His specialties include hermeneutics (the interpretation of ancient and biblical texts), Platonic dialogues, world religions and critical thinking. His personal studies resulted in the publication of articles on early and medieval Christian writers, as well as scribe and scripture in the New Testament. Through courses like “God, Evil, and Suffering” and biennial trips to the Holocaust Memorial Museum in Washington, D.C., Dr. Mashburn encourages students to discover who they are in relation to God, others and the world.

Ask our students about Dr. Mashburn, and you’ll hear words like “energetic” and “passionate” – qualities that extend beyond the classroom. This former college linebacker believes in keeping physically fit as well as mentally sharp. When class is over, invite him to join you and a few friends for a quick pick-up game of basketball at Pharr Gym.

Dr. Al Miller

Dean, Center for Performing Arts
Professor of Music
Center for Performing Arts

In high school, Al Miller was a decathlete. He loved the variety - training for 10 different events, honing muscles needed to throw the discus, developing endurance to leap hurdles, overcoming earth's gravity to soar ever higher on the pole vault. It was his passion.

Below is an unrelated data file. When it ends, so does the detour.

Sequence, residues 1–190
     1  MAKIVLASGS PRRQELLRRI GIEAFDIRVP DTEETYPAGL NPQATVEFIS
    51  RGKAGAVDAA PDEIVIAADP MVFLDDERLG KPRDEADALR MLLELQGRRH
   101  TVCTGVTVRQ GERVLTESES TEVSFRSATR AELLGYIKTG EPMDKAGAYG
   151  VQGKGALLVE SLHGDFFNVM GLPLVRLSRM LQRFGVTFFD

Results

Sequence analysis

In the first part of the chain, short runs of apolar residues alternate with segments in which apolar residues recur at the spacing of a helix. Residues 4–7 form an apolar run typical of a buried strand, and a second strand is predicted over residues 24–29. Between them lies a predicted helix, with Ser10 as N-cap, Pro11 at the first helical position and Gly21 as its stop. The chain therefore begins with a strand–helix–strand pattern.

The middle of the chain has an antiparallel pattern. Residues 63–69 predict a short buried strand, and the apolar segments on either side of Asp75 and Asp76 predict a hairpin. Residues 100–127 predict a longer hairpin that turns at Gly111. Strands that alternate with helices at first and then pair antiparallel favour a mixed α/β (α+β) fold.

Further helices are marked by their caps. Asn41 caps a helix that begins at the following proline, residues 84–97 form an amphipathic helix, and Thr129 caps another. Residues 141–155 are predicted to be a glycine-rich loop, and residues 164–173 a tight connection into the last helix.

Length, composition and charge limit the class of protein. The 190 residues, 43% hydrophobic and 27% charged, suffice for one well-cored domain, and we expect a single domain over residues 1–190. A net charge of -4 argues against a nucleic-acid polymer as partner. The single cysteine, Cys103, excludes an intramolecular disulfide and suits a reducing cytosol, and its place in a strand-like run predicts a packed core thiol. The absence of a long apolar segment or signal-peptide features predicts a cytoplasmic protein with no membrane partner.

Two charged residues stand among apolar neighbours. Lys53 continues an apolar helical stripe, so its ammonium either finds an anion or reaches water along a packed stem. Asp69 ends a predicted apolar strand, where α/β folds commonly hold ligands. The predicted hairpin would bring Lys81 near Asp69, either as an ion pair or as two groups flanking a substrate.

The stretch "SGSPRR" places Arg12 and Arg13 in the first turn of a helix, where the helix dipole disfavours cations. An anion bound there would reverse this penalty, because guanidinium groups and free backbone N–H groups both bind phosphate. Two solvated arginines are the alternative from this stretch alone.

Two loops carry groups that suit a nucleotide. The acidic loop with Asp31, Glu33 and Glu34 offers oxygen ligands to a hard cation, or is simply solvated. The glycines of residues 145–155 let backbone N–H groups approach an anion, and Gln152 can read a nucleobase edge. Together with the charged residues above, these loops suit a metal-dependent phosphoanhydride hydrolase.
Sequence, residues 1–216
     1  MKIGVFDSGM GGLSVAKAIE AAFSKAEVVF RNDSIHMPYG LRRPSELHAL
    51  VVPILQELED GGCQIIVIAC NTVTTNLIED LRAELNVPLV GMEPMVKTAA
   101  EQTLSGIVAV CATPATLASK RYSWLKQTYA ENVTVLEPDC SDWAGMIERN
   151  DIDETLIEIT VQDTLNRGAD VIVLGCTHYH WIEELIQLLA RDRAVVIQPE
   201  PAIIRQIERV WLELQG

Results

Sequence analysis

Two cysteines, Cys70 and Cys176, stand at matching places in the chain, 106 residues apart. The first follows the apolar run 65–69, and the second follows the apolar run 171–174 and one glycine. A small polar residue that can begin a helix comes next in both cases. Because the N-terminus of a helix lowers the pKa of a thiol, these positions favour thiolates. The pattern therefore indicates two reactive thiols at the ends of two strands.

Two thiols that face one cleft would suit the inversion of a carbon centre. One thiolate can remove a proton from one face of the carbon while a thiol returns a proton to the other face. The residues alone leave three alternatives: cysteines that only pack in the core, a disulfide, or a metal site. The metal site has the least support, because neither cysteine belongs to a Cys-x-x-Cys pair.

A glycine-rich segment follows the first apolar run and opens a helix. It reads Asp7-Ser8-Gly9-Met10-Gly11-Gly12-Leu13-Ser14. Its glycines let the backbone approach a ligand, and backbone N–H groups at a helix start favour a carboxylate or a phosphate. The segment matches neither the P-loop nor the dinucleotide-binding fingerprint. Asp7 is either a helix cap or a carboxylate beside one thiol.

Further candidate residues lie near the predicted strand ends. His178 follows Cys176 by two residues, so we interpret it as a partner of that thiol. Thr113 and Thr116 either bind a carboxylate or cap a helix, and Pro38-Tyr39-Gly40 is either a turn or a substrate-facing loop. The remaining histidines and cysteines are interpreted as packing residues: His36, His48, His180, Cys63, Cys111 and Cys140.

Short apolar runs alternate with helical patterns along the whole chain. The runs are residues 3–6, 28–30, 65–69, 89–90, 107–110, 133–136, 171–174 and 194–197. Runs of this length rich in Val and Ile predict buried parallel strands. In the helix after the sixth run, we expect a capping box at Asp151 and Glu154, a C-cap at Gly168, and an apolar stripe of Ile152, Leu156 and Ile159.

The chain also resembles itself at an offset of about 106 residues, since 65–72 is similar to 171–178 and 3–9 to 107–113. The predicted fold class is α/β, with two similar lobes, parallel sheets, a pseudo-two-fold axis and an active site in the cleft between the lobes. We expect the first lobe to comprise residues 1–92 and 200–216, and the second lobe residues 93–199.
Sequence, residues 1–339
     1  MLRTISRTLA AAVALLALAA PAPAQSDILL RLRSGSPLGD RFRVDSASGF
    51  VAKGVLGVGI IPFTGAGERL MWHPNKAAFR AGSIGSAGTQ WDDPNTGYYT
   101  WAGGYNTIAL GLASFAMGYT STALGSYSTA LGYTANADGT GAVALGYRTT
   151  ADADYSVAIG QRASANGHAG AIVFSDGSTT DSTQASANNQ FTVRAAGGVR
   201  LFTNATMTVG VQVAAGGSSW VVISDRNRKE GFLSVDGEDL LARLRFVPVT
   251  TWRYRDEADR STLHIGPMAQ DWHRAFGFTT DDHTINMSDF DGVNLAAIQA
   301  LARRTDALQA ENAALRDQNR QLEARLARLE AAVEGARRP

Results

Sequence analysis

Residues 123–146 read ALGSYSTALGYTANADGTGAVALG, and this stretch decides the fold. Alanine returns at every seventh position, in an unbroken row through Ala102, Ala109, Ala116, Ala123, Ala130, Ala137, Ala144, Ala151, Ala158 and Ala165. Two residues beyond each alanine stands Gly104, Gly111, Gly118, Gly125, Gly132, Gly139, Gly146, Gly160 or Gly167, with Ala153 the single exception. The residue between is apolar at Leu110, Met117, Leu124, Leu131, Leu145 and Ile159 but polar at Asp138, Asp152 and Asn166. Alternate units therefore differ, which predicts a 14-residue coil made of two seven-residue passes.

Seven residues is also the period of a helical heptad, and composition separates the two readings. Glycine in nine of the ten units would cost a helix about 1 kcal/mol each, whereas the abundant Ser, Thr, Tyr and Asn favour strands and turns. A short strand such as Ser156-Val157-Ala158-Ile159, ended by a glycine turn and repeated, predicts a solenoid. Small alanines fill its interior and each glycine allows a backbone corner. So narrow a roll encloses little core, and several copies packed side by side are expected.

Then he joined a college male chorus and discovered music.

Now, music is his passion - one that he's glad to share with the talented students in the Center for Performing Arts.

"I believe God gives us a gift and the desire to develop its fullest potential," Dr. Miller said. "There's an inward satisfaction you achieve when you know that God has given you something special, and you develop it to the point where it really communicates."

Dr. Miller has used music to communicate with a variety of people. His church choir performed for President George W. Bush at the Presidential Prayer Breakfast in Washington, D.C., and he has worked with such outstanding Christian musicians such as Steve Green, Larnelle Harris, Twila Paris, Avalon and Phil Keagy.

Variety is still important to Dr. Miller. The Center for Performing Arts has a broad focus which encompasses traditional music education, contemporary styles and commercial training.

"That's part of our mission here - not only to develop the gifts each student has, but to discover ones they didn't know they had," he said.

Dr. Sarah Marie Noble
Assistant Professor of Biology
Department of Natural Sciences

Dr. Noble has a life-long fascination with the intricacies and beauty of the natural world. She says that exploring and discovering the intricate details of nature instills a sense of wonder and responsibility to appreciate and care for our planet. The knowledge that we gain today is supported by a strong foundation of research by the scientific giants who came before us, she said.